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Bikers, SEE How to Stay Safe

biker'shandonhandlebar.jpgGeorgia bikers are fortunate to have a resource that can help with many aspects of bike riding and safety. The Georgia Motorcycle Operator’s Manual is a fantastic resource for all riders. I recommend it to my clients in my practice as an Atlanta motorcycle accident lawyer.

One of the many areas the Motorcycle Operator’s Manual covers is how to ride safely in certain situations. In the first of a two-part series on safe riding and intersections, I want to ensure that riders understand their role in keeping safe.

National motorcycle safety statistics show that bike riders are particularly vulnerable in intersections. This is the “greatest potential for conflict between you and other traffic” according to the Georgia manual. It is said that more than half of all accidents involving motorcycles and passenger vehicles are actually “caused by drivers entering a rider’s right-of-way.”

The biggest dangers is from vehicles that are turning left in front of you as the bike rider. The critical factor in your safety is using the SEE method at intersections. The SEE method is described as follows.

First and foremost, be very aware at all times when riding what is going on around you. The tried and true method is called SEE — which is a three-step process that riders can apply in many situations with which they are confronted. First is search, second is evaluate and third is execute.

The first step is to search. This requires watching all angles around you and very intently. The best way to reduce the potential for problems is to leave room around you and seek out routes you can use if you get into a jam. Particularly, watch for oncoming traffic and potential turns, left and right traffic, the traffic behind you and road hazards. Make sure you are aware of the way other drivers might be able to see you better and avoid being “lost” in the traffic shuffle from others.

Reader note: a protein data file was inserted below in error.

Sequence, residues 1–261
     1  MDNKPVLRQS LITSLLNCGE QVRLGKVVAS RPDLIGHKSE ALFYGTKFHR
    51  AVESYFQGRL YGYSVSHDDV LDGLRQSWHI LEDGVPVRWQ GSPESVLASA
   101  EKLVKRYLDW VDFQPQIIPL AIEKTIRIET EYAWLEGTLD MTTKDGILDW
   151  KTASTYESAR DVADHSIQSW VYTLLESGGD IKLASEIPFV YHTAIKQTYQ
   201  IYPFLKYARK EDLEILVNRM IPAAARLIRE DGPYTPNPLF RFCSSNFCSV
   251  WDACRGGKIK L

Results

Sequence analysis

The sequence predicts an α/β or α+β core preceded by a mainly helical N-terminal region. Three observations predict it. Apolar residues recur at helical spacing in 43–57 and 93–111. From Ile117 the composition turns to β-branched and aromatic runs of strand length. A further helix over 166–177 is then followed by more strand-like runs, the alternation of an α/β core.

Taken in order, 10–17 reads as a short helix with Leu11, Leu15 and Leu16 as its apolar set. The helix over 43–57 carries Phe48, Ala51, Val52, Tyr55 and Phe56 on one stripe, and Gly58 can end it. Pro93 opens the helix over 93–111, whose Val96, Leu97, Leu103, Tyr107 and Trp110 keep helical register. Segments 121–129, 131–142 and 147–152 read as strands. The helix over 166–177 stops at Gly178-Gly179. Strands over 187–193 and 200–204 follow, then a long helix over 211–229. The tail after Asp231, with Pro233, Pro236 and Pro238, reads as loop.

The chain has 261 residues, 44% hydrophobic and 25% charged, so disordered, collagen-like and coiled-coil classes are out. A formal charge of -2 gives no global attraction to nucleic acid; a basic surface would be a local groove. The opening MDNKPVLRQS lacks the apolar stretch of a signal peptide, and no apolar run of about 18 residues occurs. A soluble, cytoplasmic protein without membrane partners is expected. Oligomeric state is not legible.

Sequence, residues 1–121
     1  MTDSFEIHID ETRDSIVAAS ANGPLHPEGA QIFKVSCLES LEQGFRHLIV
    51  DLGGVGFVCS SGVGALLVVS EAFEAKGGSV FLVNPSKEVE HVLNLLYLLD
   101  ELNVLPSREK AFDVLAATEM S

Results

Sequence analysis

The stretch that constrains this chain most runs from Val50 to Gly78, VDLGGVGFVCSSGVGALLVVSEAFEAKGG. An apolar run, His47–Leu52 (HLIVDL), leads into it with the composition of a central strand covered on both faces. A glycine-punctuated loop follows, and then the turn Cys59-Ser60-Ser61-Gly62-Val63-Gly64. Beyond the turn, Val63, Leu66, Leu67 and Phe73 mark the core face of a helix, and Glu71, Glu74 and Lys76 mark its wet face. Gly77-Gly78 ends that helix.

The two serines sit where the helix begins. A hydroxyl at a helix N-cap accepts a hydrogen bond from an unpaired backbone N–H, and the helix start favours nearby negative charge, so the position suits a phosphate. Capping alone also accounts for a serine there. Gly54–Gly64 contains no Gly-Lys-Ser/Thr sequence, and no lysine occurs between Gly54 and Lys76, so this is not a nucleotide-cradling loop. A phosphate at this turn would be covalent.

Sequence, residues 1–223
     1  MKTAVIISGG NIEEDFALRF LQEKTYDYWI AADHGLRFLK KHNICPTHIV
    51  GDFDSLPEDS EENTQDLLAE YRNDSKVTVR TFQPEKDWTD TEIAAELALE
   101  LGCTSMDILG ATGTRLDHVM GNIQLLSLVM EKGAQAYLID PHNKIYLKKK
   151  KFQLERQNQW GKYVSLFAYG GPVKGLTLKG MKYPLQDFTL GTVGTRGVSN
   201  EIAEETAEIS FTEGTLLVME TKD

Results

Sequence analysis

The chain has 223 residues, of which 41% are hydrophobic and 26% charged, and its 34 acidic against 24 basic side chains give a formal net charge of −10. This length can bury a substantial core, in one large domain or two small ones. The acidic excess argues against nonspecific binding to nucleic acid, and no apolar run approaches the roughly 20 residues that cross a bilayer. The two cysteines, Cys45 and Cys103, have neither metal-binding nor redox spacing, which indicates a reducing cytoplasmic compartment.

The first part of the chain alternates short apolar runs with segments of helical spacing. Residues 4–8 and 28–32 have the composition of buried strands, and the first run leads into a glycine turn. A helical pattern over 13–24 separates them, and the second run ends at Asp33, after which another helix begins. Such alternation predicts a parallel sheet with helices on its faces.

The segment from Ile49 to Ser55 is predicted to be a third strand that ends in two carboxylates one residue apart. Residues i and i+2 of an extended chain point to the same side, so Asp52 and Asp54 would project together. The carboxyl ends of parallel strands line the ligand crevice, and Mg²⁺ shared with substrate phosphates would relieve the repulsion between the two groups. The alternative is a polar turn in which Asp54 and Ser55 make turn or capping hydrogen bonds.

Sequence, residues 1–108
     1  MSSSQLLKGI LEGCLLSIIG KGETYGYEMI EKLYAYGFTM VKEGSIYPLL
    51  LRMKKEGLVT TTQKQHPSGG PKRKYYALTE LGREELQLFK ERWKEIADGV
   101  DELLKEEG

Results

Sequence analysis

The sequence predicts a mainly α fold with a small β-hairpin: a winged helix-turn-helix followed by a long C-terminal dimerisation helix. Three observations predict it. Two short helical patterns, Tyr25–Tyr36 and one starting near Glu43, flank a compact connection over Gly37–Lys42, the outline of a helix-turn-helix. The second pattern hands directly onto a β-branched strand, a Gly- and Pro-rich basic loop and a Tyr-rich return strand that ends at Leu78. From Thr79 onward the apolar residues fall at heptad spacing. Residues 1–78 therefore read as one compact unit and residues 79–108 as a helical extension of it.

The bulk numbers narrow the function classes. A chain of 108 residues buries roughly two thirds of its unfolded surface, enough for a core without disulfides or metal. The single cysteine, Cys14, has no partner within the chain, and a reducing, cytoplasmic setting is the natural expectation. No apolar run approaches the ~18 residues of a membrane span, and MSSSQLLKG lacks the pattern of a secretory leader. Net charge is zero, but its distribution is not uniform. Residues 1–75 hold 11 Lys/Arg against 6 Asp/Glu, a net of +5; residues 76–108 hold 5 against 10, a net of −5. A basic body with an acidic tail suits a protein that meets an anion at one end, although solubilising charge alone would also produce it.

The next step is to evaluate. This is more about assessing risk and anticipating the possible issues that could arise and a plan to reduce risk at any given time. This includes evaluating the road and its surface, being aware of road conditions, bridges, and obstructions (such as trees and telephone poles) on a curve or elsewhere and other potential hazards. Watching for traffic signs is also part of this process. Of course, other vehicles and their potential movement is important to notice. Leaving space in case of an emergency around you is vital.

The last step is to execute. This requires decisiveness and communication. The point is to make sure those around you know you are there. Use your lights or horn and adjust both your speed and your position. This also requires letting two hazards separate … in other words, if you see the potential for a lane change hazard due to other vehicles, wait and let those vehicles separate for you to make your lane change. Always give yourself room to move. And make sure that you are seen.

My Gwinnett County law practice centers around personal injury of all types. When you contact my law office, you can speak with me personally about your motorcycle accident or injury at no charge at all. You will not pay for this consultation. From our main office in Gwinnett County, we serve clients from offices in Buckhead and the Perimeter and represent clients throughout Atlanta and Georgia including Fulton County, Cobb County, Forsyth County, Dekalb County, Walton County, Jackson County and more.

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